Print 12 comment(s) - last by Bubbacub.. on Aug 8 at 4:25 AM

Boeing is part of the ULA partnership that makes the Atlas V rocket chosen

With the last shuttle flight over, the work to build the replacement for getting astronauts into space is well underway at NASA. The key player for the shuttle replacement is Boeing. Boeing has been working on the CST-100 crew capsule and has announced that it has chosen the rocket to launch the capsule.

Boeing has chosen the United Launch Alliance (ULA) Atlas V rocket to launch its Crew Space Transportation CST-100 spacecraft. The choice isn’t exactly surprising given that Boeing is a member company with the ULA as is Lockheed Martin. ULA will provide the launch services for orbital flight assuming NASA chooses Boeing for a development contract with sufficient funds.

"This selection marks a major step forward in Boeing's efforts to provide NASA with a proven launch capability as part of our complete commercial crew transportation service,” said John Elbon, vice president and program manager of Commercial Crew Programs and the source selection official for Boeing.

Boeing will not start the detailed design work to integrate the CST-100 with the Atlas V rocket. The work will include refining the launch abort operations of the rocket to meet the requirements for crew safety that NASA uses. The crewed launch and other testing are expected to take place in 2015.

"We are pleased Boeing selected the Atlas V rocket and believe it is the right vehicle to help usher in the new commercial era in human spaceflight,” said George Sowers, ULA vice president of Business Development. “The Atlas V is a cost-effective, reliable vehicle and ULA stands ready to support Boeing's commercial human spaceflight program."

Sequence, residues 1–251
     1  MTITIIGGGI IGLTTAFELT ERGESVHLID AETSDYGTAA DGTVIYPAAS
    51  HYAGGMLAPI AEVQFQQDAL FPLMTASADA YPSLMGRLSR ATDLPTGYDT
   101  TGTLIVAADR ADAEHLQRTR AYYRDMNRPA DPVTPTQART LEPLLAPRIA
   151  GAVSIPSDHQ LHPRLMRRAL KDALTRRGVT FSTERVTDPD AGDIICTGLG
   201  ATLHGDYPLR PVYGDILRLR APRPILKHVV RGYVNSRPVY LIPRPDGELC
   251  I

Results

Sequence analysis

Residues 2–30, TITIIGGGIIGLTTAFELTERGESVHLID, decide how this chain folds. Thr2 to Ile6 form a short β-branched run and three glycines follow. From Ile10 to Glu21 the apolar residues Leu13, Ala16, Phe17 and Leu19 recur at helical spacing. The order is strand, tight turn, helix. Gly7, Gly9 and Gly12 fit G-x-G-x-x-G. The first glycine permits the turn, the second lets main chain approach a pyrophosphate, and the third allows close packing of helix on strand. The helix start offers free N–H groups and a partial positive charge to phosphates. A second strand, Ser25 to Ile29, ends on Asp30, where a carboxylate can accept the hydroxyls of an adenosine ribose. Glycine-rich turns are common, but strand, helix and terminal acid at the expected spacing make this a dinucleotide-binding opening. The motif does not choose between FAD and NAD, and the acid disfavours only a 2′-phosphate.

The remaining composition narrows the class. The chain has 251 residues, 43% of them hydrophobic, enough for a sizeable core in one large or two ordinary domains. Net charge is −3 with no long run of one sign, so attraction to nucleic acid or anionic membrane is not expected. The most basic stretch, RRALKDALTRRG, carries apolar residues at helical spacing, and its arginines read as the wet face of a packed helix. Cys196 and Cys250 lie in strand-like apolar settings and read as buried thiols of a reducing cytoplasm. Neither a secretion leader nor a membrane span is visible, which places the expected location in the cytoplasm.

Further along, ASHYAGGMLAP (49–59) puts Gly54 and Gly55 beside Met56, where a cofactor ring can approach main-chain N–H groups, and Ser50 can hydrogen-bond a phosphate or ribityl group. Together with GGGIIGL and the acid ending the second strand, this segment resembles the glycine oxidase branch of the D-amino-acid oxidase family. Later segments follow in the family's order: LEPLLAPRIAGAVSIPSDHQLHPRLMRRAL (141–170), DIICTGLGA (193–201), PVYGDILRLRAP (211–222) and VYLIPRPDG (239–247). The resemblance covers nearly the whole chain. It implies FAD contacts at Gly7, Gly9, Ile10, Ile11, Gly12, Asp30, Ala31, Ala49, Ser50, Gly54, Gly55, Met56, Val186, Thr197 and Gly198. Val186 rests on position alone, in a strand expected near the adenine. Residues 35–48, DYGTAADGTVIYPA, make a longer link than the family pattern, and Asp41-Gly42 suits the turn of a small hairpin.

Being will start with wind tunnel testing of the Atlas V and the CST-100 capsule later in 2011. The results of the testing will be used to finish a preliminary design review of the integrated capsule and launch vehicle in 2012.

Boeing unveiled the CST-100 in July of last year. The capsule can transport up to seven crew to the ISS.

Comments     Threshold

This article is over a month old, voting and posting comments is disabled

so now..
By Bubbacub on 8/6/2011 7:58:29 PM , Rating: 5
we are looking at:

1: falcon 9 + dragon

2: man rated atlas V + CST

3: something from orbital sciences that hopefully won't explode

4: man rated atlas V + dreamchaser


5: a ridiculously expensive man rated "space launch system" and another capsule (MCPV)

in times of budgetary constraint why are 5 different rocket systems being simultaneously developed?

i can understand that having a bit of competition is a safe thing to do but the current state of affairs is a joke. this stinks of pork barrel politics.

FFS the actual technical capabilities of future rockets are being mandated by politicians (e.g. the SLS must lift 130 tons to LEO - making it difficult to not use SRBs from ATK - thereby saving jobs in Utah).

IMO what needs to be done:

1: cancel the boeing capsule. dont bother manrating atlas. cancel the SLS - its hugely expensive and there isnt the money to use it frequently enough to make it cheaper than using larger numbers of existing rockets.

2: get spacex and orbital sciences to supply the iss and provide a safe way getting bodies to low earth orbit.

3: use atlas and delta iv rockets to build a fuel depot at the ISS

4: use a falcon 9 heavy or delta iv to launch an unfueled deep space vehicle (in one or two launches if needs be), use a cheap(ish) dragon capsule to get bodies onto the deep space vehicle, fuel deep space vehicle in LEO at the ISS and then go explore deep space/mars/moon/whatever

"Paying an extra $500 for a computer in this environment -- same piece of hardware -- paying $500 more to get a logo on it? I think that's a more challenging proposition for the average person than it used to be." -- Steve Ballmer

Copyright 2016 DailyTech LLC. - RSS Feed | Advertise | About Us | Ethics | FAQ | Terms, Conditions & Privacy Information | Kristopher Kubicki